Freelancing: Don’t start without Reading this!

Freelancing is a lot like juggling. Except, you start with two items, then three, then four, and very soon you’re handling an entire box of items.

It’s the fastest way to learn how to juggle many items.

Freelancing does not need your permission to give you an exponential learning curve. That’s the paradox and the beauty.

But jokes apart, freelancing is a challenge and a pretty good one.

I just started, barely two months back, and let me tell you-I haven’t made a shit ton of money, but I’m learning a ton. On my own.

Source: Unsplash


I’m not writing this to tell you how to excel at freelancing or make a ton of cash. What I want to talk about are the things I learned in nearly two months.

Take this as first-hand documentation for my personal blog, but also a nugget of wisdom for you.

I’m going to divide my learnings into three parts. The “good,” the not so good, and the “it is what it is.”

So here it goes, I guess…

1. The good things about freelancing

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1. The good starts with the amount of freedom you have. Like literally nothing is off-limits. You can choose who you want to work with and start chasing them like right now.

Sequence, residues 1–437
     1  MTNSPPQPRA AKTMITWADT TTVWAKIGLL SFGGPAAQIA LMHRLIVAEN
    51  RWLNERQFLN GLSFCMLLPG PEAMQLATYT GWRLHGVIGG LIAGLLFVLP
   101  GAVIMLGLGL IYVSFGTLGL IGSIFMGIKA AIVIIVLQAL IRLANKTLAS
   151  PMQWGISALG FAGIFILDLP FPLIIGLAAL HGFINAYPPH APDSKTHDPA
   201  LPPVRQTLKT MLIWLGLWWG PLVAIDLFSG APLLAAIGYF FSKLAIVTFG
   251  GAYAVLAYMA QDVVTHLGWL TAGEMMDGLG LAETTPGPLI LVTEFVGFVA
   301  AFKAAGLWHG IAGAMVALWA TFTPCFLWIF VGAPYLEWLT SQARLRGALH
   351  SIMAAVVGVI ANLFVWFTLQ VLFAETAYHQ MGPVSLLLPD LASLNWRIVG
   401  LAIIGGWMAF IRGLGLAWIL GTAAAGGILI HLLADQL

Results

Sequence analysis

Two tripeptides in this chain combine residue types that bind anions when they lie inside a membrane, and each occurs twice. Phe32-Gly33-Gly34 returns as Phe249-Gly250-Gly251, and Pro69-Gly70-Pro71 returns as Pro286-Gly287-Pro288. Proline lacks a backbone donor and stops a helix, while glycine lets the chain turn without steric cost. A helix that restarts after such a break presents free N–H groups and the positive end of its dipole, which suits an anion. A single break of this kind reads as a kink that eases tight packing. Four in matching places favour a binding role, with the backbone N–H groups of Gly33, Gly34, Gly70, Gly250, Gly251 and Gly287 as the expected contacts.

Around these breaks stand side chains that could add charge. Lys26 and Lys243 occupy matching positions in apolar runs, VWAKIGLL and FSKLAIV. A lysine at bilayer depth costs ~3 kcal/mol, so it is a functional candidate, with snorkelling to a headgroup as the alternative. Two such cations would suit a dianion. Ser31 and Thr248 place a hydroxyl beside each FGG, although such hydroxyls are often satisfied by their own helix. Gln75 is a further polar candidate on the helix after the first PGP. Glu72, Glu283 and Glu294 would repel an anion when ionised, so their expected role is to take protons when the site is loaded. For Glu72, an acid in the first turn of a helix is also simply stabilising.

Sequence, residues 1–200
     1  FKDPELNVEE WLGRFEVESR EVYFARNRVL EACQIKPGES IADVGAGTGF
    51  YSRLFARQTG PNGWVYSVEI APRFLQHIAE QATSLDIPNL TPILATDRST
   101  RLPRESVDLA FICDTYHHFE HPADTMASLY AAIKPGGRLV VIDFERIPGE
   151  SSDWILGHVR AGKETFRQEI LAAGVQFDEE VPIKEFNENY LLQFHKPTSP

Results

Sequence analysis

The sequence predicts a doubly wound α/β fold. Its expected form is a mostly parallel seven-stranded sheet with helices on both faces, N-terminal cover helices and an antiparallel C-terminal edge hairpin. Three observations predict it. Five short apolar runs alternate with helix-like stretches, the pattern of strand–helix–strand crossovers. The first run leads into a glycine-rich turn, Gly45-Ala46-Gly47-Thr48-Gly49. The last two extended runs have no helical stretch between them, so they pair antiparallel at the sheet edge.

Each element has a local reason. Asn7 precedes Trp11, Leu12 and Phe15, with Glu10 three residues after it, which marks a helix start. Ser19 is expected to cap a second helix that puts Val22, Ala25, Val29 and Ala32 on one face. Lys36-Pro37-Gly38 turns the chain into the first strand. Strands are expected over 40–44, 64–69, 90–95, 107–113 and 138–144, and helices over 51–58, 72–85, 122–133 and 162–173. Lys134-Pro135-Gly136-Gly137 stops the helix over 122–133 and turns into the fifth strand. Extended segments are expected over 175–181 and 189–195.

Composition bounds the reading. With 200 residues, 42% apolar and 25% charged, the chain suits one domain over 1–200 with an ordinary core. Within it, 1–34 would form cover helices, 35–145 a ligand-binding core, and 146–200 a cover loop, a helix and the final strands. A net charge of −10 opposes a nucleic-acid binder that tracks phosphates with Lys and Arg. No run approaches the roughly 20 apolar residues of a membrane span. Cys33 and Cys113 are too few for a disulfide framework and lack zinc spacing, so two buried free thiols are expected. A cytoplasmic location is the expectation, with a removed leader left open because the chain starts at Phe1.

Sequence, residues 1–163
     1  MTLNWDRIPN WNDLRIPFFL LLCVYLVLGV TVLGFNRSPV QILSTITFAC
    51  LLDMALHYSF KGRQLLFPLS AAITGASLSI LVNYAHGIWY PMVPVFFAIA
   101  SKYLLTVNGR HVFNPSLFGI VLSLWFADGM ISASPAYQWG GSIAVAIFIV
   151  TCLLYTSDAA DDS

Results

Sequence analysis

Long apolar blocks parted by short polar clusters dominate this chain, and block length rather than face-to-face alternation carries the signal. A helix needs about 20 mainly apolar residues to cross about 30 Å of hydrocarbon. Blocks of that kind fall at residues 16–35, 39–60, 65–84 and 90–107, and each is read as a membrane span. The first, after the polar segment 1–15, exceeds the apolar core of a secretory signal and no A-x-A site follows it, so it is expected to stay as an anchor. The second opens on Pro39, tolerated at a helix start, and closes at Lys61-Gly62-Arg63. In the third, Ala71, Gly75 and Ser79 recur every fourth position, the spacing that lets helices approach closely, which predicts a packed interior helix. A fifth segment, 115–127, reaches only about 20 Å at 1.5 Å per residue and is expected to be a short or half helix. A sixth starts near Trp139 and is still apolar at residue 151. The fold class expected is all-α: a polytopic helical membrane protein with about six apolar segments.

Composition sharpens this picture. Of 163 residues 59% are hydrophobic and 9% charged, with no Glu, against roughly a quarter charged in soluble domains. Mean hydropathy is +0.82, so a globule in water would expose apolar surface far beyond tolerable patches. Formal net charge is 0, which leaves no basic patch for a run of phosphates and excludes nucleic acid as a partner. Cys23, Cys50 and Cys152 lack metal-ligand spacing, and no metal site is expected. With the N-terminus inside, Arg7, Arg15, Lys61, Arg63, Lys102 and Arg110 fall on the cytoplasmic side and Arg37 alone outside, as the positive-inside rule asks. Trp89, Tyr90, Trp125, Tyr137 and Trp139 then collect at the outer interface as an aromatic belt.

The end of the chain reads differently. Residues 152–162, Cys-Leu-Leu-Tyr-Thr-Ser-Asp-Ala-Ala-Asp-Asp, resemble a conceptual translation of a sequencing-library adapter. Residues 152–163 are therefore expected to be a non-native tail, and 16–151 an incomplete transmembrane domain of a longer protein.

Cold emailing, outreach, or pitching from day one becomes your full-time job.

2. You don’t have to worry about factors like your degrees, qualifications, or resumes. You start and end at one thing and one thing only.

The courage to present your skills and solve problems for people.

3. You become confident about your skills and the kind of results you can bring to your clients.

It’s not only the satisfaction of a job well done but also putting out something meaningful in the world.

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4. None of your days will be the same because every day is a challenge.

You celebrate small wins for a moment, pat yourself on the back and move on to chase even bigger challenges.

Freelancing kinda does that to you. Because there’s soooo much to learn…..

5. Your income is a roller-coaster, but you still don’t leave the ride. After all, that’s what “amusement” parks are for, right?

Managing finances also becomes your full-time job.

It can be tedious at times but, it teaches you how to budget because you might not get a similar income next month.

2. The not so good things about freelancing

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1. The beginnings are always the hardest, and that’s not any different with freelancing. The problem is that there isn’t any single hard thing. There are a bunch of them.

In fact, now I finally understand why business courses are called management. Because it is all about managing. Anything and everything. Your skill is what you bring to the table, and management is what you learn every day.

2. The self-doubt and imposter syndrome is real, people. There would hardly be days when you don’t doubt your capabilities. You’ll feel like you don’t deserve this, but it’s wrong.

It happens to the best of us. Because the journey looks different for everyone, but at that exact moment, it’s tough to get over it.

self-doubt in freelancing